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Software Assurance Tips
A product of the Software Assurance Tips Team[2]

Kevin Keen

Monday 4th October, 2021

1 Perls of Wisdom

Updated Monday 4th October, 2021

We see far less Perl code than some other languages. Nevertheless, as with any language, there are security concerns that are particular to Perl.

Consider the following short Perl script in Listing 1.

my $in_filename; 
my $out_filename; 
if(scalar @ARGV < 1) { 
       print "Usage: $0 <input_file>"; 
       exit

else { 
       $in_filename = $ARGV[0]; 
       $out_filename = "that_$in_filename"; 

open($in_file, "$in_filename"); 
open($out_file, ">$out_filename"); 
while(<$in_file>) { 
       $line = $_; 
       print "$line"; 
       if ($line =~ /This is a/) { 
               $line =~ s/This is a/That is a/; 
               print "First Match!\n"; 
       } 
       elsif($line =~ /This is only/) { 
               $line =~ s/This is only/That is only/; 
               print "Second Match!\n"; 
       } 
       print $out_file $line; 
}
Listing 1:Sample Perl Script

This script will read in the input file, perform some substitutions (changing “This” to “That”) and write out the results to another file. With Perl’s deeply ingrained regex facilities, such string and file processing is very typical of a Perl script. The input file name is passed in as a command line argument. The output filename is derived by prepending that_. As with a lot of Perl scripts, this one is written to be run against input files with very specific contents. In this case, it expects the input file to contain the input displayed in Listing 2. The output of the intended use of this script is shown in Listing 3.

This is a test 
This is only a test
Listing 2:Sample Input

$ ls 
textfile  this_to_that.pl 
 
cat textfile 
This is a test 
This is only a test 
 
$ perl this_to_that.pl textfile 
This is a test 
First Match! 
This is only a test 
Second Match! 
 
cat that_textfile 
That is a test 
That is only a test
Listing 3:Sample Execution

The biggest security concern here comes from the use of the two argument form of open, which in some cases, can actually result in shell execution! Contained in the two open statements shown in the above source, you will notice that one filename is prefixed with “¿”, but the first open has no prefix. The “¿” character on the second open tells Perl to open the file for output. The first open is implicitly open for input. This doesn’t look bad just looking at the source, but Perl has built-in magic that makes this a security disaster. In this kind of case, if the filename starts with, or ends with a pipe symbol (|), Perl interprets that as requesting execution of a shell command. Note that the location of the pipe symbol also has meaning to Perl. A pipe symbol before the command indicates a shell command that should be written to. A pipe symbol after the command indicates a shell command that should be read from. This means that abusing this form of open is as easy as providing a malicious filename.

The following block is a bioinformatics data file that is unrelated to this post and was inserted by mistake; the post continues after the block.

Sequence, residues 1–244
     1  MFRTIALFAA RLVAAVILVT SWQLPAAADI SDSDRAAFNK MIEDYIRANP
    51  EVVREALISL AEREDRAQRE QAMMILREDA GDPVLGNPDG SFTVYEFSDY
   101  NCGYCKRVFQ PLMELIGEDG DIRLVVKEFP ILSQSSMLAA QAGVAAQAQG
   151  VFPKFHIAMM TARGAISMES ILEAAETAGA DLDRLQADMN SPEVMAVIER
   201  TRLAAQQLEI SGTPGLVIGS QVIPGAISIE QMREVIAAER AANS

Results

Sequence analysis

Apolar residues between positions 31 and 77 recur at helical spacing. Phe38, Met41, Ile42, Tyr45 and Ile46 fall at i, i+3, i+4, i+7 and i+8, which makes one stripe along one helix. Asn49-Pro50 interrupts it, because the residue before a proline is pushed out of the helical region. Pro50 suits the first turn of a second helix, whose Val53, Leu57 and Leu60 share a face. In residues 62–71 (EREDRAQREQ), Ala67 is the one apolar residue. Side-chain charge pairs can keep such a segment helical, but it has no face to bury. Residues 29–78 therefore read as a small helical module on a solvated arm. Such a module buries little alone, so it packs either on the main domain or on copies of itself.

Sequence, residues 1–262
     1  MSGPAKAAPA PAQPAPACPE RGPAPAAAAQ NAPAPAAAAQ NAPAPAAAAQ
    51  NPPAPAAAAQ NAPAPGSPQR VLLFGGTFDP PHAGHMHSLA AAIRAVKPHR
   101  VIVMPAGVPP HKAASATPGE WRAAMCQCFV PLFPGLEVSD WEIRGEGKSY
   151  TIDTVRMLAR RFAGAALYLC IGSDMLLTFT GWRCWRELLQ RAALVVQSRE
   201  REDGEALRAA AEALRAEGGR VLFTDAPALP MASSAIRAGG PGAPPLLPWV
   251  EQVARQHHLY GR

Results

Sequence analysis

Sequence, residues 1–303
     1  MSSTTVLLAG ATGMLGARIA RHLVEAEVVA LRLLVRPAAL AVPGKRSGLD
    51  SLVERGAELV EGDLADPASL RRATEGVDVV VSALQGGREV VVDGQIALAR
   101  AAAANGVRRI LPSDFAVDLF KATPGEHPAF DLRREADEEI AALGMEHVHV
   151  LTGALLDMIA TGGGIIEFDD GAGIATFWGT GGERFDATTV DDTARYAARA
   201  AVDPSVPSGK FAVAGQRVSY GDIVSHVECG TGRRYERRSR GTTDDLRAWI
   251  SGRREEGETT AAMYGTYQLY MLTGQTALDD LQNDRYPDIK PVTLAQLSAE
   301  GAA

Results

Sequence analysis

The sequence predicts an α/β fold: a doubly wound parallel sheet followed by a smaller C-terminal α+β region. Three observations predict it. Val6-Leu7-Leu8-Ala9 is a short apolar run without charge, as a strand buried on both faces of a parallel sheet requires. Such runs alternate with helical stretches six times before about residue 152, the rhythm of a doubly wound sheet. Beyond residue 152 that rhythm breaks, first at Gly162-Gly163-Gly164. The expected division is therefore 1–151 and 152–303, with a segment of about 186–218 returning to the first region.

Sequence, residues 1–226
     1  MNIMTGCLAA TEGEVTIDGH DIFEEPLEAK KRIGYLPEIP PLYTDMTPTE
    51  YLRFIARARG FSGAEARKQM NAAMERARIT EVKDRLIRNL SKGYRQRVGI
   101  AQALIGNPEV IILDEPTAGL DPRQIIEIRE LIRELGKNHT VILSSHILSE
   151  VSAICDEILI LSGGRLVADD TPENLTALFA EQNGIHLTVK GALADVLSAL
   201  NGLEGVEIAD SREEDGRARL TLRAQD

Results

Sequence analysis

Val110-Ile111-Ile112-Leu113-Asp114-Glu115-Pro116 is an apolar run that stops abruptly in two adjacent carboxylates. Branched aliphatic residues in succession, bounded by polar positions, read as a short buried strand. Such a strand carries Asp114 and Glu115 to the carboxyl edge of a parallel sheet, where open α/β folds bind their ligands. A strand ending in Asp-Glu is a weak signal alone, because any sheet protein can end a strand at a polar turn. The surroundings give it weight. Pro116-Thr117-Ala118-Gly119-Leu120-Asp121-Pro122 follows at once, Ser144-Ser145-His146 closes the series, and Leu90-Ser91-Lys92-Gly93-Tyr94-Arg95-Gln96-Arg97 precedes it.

$ ls 
textfile  this_to_that.pl 
 
$ perl this_to_that.pl "touch in_a_shell_command|" 
 
$ ls 
 in_a_shell_command  'that_touch␣in_a_shell_command|' 
 textfile            this_to_that.pl
Listing 4:Malicious Execution

Listing 4 shows the result of running the script with a malicious filename resulting in the file “im_a_shell_cmd” being created. The other new file, “that_touch im_a_shell_cmd—”, is created by the script as part of its normal output. Of course in this case we already had shell access, but consider the case where the filename is coming from an external attack such a socket or web interface.

This security disaster can be partially mitigated by explicitly specifying that the file should be open for input. If a leading “¡” is provided (similar to the second open statement), Perl will assume the filename is just a filename even if a pipe symbol appears. If all of that were not enough, this version of open can cause problems when we can’t even see it because a number of other constructs use the two argument version of open behind the scenes. The examples in Listing 5 are all implicitly using the two argument form of open.[3] Such constructs should be avoided, and the 3 argument form of open used instead of the two argument version.[1]

while(<ARGV>) 
while(<>) 
perl -n 'print␣"::␣$_\n";' * 
perl -p '$_␣=␣"::␣$_\n";' *
Listing 5:Examples

1.1 Bonus Tip

Using “¡” or “¿” on the two argument form of open is not enough to solve the woes of using it because Perl has even more magic up its sleeve. A filename of dash is interpreted to mean STDIN. Although explicitly providing the input mode character “¡” avoids the command injection, we still have a very viable denial of service. Often, a string is concatenated before being passed to open. One question that arises is “when will dash be considered to be STDIN”. Both with and without the explicit “¡” symbol, both –, and “-“, as a command line argument is interpreted by Perl to mean STDIN. But what of the case where dash is concatenated? It seems backwards, but when the explicit “¡” character is not provided, “- something” is not interpreted to mean STDIN. However, when “¡” IS provided the same input will result in an attempt to read from STDIN.

References

[1]

Jordan Dimov. Security Issues in Perl Scripts. url: https://www.cgisecurity.com/lib/sips.html (visited on 10/04/2021).

[2]

Jon Hood, ed. SwATips. https://www.SwATips.com/.

[3]

David Svoboda. IDS31-PL. Do not use the two-argument form of open(). Nov. 16, 2017. url: https://wiki.sei.cmu.edu/confluence/pages/viewpage.action?pageId=88890543 (visited on 10/04/2021).